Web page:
Robert Browning, 1812-1883

Johannes Agricola in Meditation
by Robert Browning
from Dramatic Lyrics (1842)

There’s heaven above, and night by night 
     I look right through its gorgeous roof;
No suns and moons though e’er so bright 
     Avail to stop me; splendour-proof 
     I keep the broods of stars aloof:
For I intend to get to God, 
     For ’tis to God I speed so fast,
For in God’s breast, my own abode, 
     Those shoals of dazzling glory, passed, 
     I lay my spirit down at last.
I lie where I have always lain, 
     God smiles as he has always smiled;
Ere suns and moons could wax and wane, 
     Ere stars were thundergirt, or piled 
     The heavens, God thought on me his child;
Ordained a life for me, arrayed 
     Its circumstances every one
To the minutest; ay, God said 
     This head this had should rest upon 
     Thus, ere he fashioned star or sun.
And having thus created me, 
     Thus rooted me, he bade me grow,
Guiltless for ever, like a tree 
     That buds and blooms, nor seeks to know 
     The law by which it prospers so:
But sure that thought and word and deed 
     All go to swell his love for me,
Me, made because that love had need 
     Of something irreversibly 
     Pledged soley its content to be.
Yes, yes, a tree which much ascend, 
     No poison-gourd foredoomed to stoop!
I have God’s warrant, could I blend 
     All hideous sins, as in a cup,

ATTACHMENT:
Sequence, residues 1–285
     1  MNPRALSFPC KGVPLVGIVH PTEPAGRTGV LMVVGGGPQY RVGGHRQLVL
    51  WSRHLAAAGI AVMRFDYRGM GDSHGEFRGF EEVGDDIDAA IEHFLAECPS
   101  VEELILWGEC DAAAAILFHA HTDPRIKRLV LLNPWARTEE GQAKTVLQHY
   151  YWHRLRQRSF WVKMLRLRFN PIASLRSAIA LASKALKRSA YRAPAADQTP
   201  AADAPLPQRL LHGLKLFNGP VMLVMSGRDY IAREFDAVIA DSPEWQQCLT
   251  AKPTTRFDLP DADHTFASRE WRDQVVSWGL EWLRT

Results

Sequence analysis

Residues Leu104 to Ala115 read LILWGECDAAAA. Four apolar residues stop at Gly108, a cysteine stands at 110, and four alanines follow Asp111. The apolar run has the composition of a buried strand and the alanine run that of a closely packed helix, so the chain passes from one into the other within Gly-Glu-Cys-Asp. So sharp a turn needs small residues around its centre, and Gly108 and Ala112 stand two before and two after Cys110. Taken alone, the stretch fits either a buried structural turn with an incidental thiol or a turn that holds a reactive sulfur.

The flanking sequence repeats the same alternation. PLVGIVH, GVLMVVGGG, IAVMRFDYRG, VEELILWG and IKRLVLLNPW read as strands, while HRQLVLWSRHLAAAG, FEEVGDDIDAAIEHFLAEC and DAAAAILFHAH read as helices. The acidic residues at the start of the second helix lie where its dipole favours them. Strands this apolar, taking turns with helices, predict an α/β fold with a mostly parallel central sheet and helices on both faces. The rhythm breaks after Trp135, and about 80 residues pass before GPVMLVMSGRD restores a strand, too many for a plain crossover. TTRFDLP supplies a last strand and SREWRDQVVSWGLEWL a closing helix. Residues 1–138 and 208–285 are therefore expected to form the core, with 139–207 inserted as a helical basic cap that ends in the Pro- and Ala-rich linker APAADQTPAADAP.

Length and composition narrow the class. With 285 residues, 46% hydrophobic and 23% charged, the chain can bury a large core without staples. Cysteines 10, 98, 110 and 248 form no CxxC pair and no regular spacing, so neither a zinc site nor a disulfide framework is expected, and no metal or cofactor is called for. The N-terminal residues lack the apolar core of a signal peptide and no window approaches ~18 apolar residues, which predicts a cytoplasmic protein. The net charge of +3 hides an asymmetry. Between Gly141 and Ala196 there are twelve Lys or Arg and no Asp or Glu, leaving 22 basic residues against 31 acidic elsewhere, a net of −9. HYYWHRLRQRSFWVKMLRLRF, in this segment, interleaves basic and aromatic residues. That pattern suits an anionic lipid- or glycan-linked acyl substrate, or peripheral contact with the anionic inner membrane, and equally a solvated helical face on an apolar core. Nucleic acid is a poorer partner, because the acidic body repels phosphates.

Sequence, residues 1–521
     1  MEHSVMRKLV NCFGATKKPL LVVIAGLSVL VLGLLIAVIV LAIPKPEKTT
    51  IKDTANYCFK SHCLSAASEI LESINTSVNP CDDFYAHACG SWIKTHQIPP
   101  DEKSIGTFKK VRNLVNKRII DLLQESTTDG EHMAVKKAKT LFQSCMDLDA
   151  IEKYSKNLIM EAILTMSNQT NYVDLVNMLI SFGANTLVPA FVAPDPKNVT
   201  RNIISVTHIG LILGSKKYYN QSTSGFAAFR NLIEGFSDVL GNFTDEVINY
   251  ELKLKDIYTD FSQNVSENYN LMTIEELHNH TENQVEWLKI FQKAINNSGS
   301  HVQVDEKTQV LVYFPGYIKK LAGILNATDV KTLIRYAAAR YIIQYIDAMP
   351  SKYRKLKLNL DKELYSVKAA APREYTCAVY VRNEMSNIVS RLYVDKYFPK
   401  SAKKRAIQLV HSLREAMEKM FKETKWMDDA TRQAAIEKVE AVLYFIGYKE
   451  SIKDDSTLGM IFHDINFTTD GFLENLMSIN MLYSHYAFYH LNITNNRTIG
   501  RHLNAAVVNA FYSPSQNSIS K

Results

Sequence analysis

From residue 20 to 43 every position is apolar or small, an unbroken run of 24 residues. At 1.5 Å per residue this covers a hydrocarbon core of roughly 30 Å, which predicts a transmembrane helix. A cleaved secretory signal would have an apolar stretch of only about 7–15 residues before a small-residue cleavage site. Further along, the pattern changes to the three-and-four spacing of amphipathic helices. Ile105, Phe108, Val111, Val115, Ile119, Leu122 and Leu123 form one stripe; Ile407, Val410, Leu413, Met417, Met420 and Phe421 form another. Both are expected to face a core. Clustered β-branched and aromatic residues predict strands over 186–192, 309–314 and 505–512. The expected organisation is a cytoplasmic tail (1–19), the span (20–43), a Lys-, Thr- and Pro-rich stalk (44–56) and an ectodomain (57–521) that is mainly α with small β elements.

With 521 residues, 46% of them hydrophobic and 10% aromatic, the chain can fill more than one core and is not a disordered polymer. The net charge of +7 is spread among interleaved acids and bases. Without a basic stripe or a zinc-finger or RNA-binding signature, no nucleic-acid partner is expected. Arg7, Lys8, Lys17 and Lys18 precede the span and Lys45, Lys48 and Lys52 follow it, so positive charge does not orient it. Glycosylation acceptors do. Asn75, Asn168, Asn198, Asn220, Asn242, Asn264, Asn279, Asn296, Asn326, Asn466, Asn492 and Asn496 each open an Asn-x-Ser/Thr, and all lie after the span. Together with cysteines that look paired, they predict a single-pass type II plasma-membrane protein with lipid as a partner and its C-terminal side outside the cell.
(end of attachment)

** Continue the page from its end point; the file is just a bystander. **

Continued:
To drink the mingled venoms up;
Secure my nature will convert 
     The draught to blossoming gladness fast:
While sweet dews turn to the gourd’s hurt, 
     And bloat, and while they bloat it, blast, 
     As from the first its lot was cast.
For as I lie, smiled on, full-fed 
     By unexhausted power to bless,
I gaze below on hell’s fierce bed, 
     And those its waves of flame oppress, 
     Swarming in ghastly wretchedness;
Whose life on earth aspired to be 
     One altar-smoke, so pure!–to win
If not love like God’s love for me, 
     At least to keep his anger in; 
     And all their striving turned to sin.
Priest, doctor, hermit, monk grown white 
     With prayer, the broken-hearted nun,
The martyr, the wan acolyte, 
     The incense-swinging child,–undone 
     Before God fashioned star or sun!
God, whom I praise; how could I praise, 
     If such as I might understand,
Make out and reckon on his ways, 
     And bargain for his love, and stand, 
     Paying a price at his right hand? 

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